Bardet-Biedl syndrome is a condition that affects several parts of the body. It runs in families and may severely impair the sufferer.
Symptoms and features of the condition
One of the major features of Bardet-Biedl syndrome is loss of vision. Loss of vision occurs as the retina, that is the light sensing tissue or layer at the back of the eye, fails gradually.
The problems appear initially as difficulty in seeing in the dark. This is seen in childhood as a slow onset condition. This is followed by development of blind spots in vision that leads to falls and knocks initially.
Over time, these blind spots enlarge and turn into a tunnel where only the center is visible. With time the central clear area also clouds.
By the time the child reaches adolescence or early adulthood, he may become legally blind.
Another characteristic feature is obesity. There is typical abdominal obesity that begin in early childhood and continues throughout life. This may give rise to other complications like type 2 diabetes, high blood pressure and abnormally high levels of cholesterol.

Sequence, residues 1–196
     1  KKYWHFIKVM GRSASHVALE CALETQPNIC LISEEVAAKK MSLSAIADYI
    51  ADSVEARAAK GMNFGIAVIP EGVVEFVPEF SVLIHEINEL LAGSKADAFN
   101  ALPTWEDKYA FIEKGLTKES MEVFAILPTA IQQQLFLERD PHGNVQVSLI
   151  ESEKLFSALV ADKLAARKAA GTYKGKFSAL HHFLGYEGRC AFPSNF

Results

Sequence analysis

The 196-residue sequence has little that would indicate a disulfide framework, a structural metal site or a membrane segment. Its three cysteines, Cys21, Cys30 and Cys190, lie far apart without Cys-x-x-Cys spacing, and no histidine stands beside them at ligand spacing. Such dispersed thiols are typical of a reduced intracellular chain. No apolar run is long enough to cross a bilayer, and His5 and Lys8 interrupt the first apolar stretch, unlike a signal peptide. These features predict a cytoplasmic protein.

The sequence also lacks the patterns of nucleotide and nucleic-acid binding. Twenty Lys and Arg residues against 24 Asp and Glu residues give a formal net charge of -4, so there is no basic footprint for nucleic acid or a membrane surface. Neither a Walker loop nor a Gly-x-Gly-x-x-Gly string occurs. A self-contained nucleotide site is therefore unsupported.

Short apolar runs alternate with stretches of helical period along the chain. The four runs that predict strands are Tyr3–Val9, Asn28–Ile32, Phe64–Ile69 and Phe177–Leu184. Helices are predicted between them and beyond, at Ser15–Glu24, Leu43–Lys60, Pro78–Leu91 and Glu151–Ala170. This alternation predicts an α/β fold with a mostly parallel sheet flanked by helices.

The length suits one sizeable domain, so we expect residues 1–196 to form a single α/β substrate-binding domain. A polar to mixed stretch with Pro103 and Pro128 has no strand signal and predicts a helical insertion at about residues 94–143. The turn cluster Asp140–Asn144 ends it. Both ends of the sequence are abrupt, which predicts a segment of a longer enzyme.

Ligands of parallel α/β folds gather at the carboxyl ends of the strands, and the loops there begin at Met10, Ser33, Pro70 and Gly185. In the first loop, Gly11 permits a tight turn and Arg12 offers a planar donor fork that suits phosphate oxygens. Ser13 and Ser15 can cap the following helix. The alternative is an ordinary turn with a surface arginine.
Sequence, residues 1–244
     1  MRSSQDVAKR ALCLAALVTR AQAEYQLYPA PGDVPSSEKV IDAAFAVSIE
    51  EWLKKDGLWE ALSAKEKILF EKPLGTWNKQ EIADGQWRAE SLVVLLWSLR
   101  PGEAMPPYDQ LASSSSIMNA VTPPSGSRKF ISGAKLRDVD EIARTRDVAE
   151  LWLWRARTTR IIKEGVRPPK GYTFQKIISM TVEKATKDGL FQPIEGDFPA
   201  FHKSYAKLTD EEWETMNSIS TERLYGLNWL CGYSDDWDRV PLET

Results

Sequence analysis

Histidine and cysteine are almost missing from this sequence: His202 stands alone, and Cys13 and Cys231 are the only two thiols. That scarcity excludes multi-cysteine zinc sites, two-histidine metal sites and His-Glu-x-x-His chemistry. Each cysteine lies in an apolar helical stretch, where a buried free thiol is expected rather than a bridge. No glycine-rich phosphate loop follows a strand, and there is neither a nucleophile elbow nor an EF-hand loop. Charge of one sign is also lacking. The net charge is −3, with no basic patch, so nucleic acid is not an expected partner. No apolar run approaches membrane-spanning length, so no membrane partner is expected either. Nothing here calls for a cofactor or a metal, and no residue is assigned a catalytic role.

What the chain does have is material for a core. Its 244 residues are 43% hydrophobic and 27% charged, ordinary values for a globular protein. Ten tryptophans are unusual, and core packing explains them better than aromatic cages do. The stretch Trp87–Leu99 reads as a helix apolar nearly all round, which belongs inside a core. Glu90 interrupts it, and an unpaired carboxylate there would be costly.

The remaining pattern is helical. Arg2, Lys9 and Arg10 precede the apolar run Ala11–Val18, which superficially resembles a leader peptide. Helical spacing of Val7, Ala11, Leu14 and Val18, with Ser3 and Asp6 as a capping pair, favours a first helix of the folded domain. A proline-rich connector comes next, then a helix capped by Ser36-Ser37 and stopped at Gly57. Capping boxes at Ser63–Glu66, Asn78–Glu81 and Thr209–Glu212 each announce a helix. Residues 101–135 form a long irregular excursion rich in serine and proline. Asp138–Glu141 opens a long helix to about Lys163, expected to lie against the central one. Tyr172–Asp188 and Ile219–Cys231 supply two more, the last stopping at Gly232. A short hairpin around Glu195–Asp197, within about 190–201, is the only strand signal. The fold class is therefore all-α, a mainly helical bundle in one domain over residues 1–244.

Typically there may also be presence of extra fingers and/or toes along with mental retardation, learning problems, and abnormalities of the genital organs.
Bardet-Biedl syndrome epidemiology
This is a rare condition and is seen in 1 in 140,000 to 1 in 160,000 newborns in most of North America and Europe.
The prevalence is slightly higher on the island of Newfoundland (off the east coast of Canada), where it affects an estimated 1 in 17,000 newborns.
Further Bedouin population of Kuwait and Arabs are also more commonly affected with prevalence there being about 1 in 13,500 newborns.
Causes of Bardet-Biedl syndrome
Bardet-Biedl syndrome is a genetically inherited condition. It results from mutations in at least 14 different genes in the body. These are commonly called BBS genes.
It is found that these genes help make the hair like cellular structures called cilia. These cilia are involved in cell movement, different chemical signalling pathways perception of sensory input (such as sight, hearing, and smell) etc.
The BBS genes code for proteins that maintain the functions of the cilia. Defects in these genes lead to defective cilia.
The inheritance of Bardet-Biedl syndrome is autosomal recessive. This means parents of an individual with an autosomal recessive condition each carry one copy of the mutated gene but have no symptoms of the condition (carriers of the gene).
Reviewed by April Cashin-Garbutt, BA Hons (Cantab)